Appeal from the 326th District Court Taylor County, Texas
Trial Court Cause No. 15-11402N
consists of: Wright, C.J., Willson, J., and Bailey, J.
M. BAILEY JUSTICE.
an appeal from the trial court's order dismissing Juan
Manuel Albarado's petition for divorce for lack of
prosecution. In a single issue, Albarado contends that the
trial court erred in dismissing his case for lack of
prosecution. We affirm.
is an inmate in the Texas Department of Criminal Justice. On
June 2, 2015, Albarado filed a pro se petition for divorce
from Amanda M. Jimenez. In his original petition, Albarado
indicated that he did not need to obtain service of process
upon Jimenez because he thought she would answer or execute a
waiver of service. On June 8, 2015, Albarado requested
Jimenez to be served with citation by certified mail. The
record indicates that the trial court clerk mailed the
citation by certified mail on June 18, 2015, to Jimenez at
the address provided by Albarado in his petition. The
citation was returned to the clerk's office on July 12,
2015, with the notation "return to sender" because
it was unclaimed and could not be forwarded.
August 4, 2016, the trial court sent Albarado a dismissal
notice. On August 25, 2016, Albarado filed a motion for an
order to remove the case from the dismissal docket asserting
that he "made every possible attempt to ensure proper
notice and service" on Jimenez. He attached an affidavit
in which he claimed that he complied with all service
requirements and made multiple attempts to contact Jimenez,
to no avail. On August 30, 2016, the trial court entered an
order dismissing Albarado's case for lack of prosecution.
Albarado filed his notice of appeal on September 21, 2016.
review the trial court's dismissal for want of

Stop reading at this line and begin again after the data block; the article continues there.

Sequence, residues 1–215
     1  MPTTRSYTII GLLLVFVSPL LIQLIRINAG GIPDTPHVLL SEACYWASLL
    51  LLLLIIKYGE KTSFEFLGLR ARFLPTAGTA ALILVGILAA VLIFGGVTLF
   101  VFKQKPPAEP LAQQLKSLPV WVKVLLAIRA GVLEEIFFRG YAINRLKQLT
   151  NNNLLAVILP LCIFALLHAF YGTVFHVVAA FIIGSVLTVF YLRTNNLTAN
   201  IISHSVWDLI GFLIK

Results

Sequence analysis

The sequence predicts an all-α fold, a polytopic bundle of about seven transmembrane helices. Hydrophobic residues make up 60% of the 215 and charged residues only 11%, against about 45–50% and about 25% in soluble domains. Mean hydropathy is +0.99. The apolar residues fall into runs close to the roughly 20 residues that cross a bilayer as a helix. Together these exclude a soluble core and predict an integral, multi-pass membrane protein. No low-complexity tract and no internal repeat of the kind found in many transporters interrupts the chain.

prosecution under an abuse of discretion standard. See
MacGregor v. Rich, 941 S.W.2d 74, 75 (Tex. 1997);
Ringer v. Kimball, 274 S.W.3d 865, 867 (Tex.
App.-Fort Worth 2008, no pet.). A trial court abuses its
discretion when it acts "arbitrarily or unreasonably,
without reference to guiding rules or principles."
Iliff v. Iliff, 339 S.W.3d 74, 78 (Tex. 2011).
court must provide a party with notice and an opportunity to
be heard before it may dismiss a case for lack of
prosecution. Villarreal v. San Antonio Truck &
Equip., 994 S.W.2d 628, 630 (Tex. 1999); Reese v.
Reese, 256 S.W.3d 898, 899 (Tex. App.-Dallas 2008, no
pet.). Here, the trial court sent a notice of dismissal to
Albarado, which he obviously received because he filed a
motion to remove his case from the dismissal docket. A trial
court's power to dismiss a case for want of prosecution
stems from two sources: (1) Rule 165a of the Texas Rules of
Civil Procedure and (2) the trial court's inherent
authority to manage its own docket. See Tex. R. Civ.
P. 165a; Villarreal, 994 S.W.2d at 630. A trial
court may dismiss a case under Rule 165a when a party or its
counsel fails to appear at a hearing or trial or when a case
is "not disposed of within time standards
promulgated" by the Texas Supreme Court. Tex.R.Civ.P.
165a(1), (2). Additionally, the trial court has the inherent
power to dismiss independently of the rules of procedure when
a plaintiff fails to prosecute its case with due diligence.
Villarreal, 994 S.W.2d at 630; Oliphant Fin.,